2011-01-30 08:06:41Monckton Myths - a one-stop-shop of Monckton misinformation - UPDATED FROM FEEDBACK
John Cook

john@skepticalscience...
123.211.149.21

This is the blog post which I'm hoping to get into the Guardian. It's a bit rushed, I asked the Guardian editor if he wants to see a preview ahead of time (hoping he'll publish it on Monday night). So this is written specifically for the Guardian - I would've written it differently for Skeptical Science.

Should I provide more analysis of the various rhetorical techniques of Monckton? Welcome feedback, this is just an early draft.


Monckton Myths - a one-stop-shop of Monckton misinformation

To loosely paraphrase an old saying, a piece of misinformation can travel halfway around the world before the truth has a chance to put its pants on. This is the conundrum facing climate scientists as they attempt to communicate the realities of climate change, amidst the noise and fury of the internet. The problem is global warming skepticism is a renewable resource. When you take the time to closely follow online discussions, blog posts and op-eds, you find the same skeptic arguments appear repeatedly, well after they've been thoroughly debunked in peer-reviewed research.

Christopher Monckton is a prolific climate skeptic. Perusing all the articles published by Monckton and the arguments he uses, Monckton appears to be zealous about recycling skeptic arguments. The same ideas appear over and over again. Recycling is usually good for the environment but sadly not in this case.

Of particular interest are the arguments Monckton uses most often. There are several sitting atop the pile which  presumably are Monckton's killer blows. A close examination of these favourite arguments reveals much about how Monckton presents the science to the public.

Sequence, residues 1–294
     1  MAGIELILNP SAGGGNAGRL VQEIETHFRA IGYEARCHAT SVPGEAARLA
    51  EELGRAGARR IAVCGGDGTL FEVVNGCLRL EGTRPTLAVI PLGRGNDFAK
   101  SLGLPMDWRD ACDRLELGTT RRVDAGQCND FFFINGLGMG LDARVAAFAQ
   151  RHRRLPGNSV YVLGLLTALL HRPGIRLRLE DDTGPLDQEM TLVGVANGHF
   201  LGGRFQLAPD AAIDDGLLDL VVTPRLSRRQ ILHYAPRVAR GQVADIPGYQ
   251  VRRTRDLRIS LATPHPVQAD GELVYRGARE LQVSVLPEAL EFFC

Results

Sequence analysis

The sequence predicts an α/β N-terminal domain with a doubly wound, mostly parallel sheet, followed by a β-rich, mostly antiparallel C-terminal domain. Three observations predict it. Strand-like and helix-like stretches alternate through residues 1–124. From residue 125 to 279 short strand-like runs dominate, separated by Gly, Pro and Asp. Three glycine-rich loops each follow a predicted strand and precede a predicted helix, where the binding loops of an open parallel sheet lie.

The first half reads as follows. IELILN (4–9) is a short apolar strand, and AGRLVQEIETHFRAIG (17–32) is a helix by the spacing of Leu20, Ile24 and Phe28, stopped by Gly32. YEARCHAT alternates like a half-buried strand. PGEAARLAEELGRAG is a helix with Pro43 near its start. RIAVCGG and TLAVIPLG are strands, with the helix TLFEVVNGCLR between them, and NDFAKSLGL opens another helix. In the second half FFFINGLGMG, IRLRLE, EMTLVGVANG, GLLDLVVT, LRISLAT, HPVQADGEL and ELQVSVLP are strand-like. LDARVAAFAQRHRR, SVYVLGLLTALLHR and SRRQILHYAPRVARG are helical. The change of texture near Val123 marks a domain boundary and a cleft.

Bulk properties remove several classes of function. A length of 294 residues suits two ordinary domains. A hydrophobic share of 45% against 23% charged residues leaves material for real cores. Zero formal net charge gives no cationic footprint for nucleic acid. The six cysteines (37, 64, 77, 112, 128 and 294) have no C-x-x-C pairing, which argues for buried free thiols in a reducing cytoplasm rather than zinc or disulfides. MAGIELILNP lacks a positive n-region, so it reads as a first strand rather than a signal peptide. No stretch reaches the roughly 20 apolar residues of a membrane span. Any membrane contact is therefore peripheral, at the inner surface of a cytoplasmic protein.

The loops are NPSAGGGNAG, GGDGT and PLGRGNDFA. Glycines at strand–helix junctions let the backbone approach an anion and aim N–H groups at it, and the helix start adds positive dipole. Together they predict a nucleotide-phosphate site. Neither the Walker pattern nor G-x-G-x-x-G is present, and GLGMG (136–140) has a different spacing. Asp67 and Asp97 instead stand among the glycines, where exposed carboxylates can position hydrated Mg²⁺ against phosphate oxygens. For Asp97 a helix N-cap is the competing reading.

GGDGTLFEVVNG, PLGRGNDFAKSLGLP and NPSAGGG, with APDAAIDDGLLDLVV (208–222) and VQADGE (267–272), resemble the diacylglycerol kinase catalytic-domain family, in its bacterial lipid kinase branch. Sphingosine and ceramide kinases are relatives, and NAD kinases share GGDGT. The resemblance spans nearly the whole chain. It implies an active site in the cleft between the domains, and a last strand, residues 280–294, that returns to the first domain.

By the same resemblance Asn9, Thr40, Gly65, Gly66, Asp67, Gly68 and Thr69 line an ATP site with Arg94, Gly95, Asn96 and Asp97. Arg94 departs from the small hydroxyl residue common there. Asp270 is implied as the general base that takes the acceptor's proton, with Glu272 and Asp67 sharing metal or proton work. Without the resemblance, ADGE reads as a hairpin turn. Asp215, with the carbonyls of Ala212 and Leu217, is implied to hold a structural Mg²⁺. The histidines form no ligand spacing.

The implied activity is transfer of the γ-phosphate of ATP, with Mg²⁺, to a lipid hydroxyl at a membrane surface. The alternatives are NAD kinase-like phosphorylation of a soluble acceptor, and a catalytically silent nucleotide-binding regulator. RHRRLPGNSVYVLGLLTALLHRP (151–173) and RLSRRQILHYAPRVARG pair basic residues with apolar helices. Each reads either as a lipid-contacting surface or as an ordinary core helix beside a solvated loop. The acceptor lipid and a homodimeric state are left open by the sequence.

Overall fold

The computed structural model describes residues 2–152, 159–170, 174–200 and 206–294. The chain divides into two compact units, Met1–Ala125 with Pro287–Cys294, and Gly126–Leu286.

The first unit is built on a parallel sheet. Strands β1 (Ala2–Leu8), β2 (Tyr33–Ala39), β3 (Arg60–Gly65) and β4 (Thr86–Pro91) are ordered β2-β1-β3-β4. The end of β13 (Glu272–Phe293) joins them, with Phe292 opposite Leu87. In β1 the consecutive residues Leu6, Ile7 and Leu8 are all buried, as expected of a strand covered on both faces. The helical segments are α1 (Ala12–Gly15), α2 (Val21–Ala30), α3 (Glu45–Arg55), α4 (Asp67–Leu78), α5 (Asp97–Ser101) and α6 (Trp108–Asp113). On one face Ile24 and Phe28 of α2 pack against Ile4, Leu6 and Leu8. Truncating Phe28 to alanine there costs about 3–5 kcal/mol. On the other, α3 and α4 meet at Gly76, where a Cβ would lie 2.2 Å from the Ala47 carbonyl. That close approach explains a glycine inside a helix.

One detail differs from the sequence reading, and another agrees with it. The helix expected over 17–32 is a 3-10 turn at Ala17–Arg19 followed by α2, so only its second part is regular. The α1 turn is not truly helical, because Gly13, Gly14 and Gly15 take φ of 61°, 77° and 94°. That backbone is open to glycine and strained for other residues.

Monckton's most popular argument is that climate sensitivity, a measure of how much the earth warms from rising CO2, is low. As our planet warms from increased CO2 levels in the atmosphere, Monckton suggests negative feedbacks suppress the warming. This is supposedly our Get Out Of Jail Free Card - we can pollute as much as we like and nature will take care of things. To back up this claim, Monckton cites the work of Richard Lindzen who uses satellite measurements of outgoing radiation as evidence for negative feedback.

However, Monckton only presents half of the story. A number of subsequent papers have examined Lindzen's work and found fatal flaws in his analysis. As well as a questionable choice of end-point dates in his data, Lindzen looks only at the tropics. A number of other analyses using similar satellite observations spanning the entire globe find positive feedback that enhances global warming.

On top of this, many studies using a range of different observations find that the overall climate feedback amplifies global warming. Climate sensitivity has to be high to explain the dramatic climate changes we see in the past. To argue low climate sensitivity based on one study presents only half the story. In fact, not even that. It gives you barely a fraction of the full body of evidence.

Monckton's other favourite argument is that sea levels are not going to rise much in the future, citing the words of Nils Mörner who claims it's physically impossible for sea level to rise much above its present rate. Again, this gives you only a fraction of the full picture. The expectation of future sea level rise is based on many different observations. Recent research into glacier dynamics in Greenland and Antarctica yield a prediction of 80 cm to 2 metres sea level rise by 2100. Another recent study takes a different approach, matching past sea level rise to past temperature change to yield a prediction of 75 to 190 cm sea level rise by the end of this century.

Meanwhile, the Antarctic and Greenland ice sheets are losing ice at a faster rate every year. Two decades ago, the Greenland ice sheet was in approximate mass balance - as much ice was growing in the middle as was being shed at the edges. One decade ago, the ice sheet was losing ice at a rate of 100 billion tonnes per year. Currently, it's losing ice at a rate of over 200 billion tonnes per year. Greenland's glaciers are sliding faster down into the ocean.

A clearer picture of our future can be found in the past. Around 120,000 years ago, global temperatures were about 1 to 2 degrees warmer than now. At that time, sea levels were over 6 metres higher than current levels. Many lines of evidence indicate we're facing significant sea level rise this century.

In Unsound Advice, Monckton describes "one of the shabbiest tricks of the climate-extremist movement" is to give only one half of the story. Misleading the public by giving only half the story is indeed shabby behaviour. Giving them barely a fraction of the story is even worse.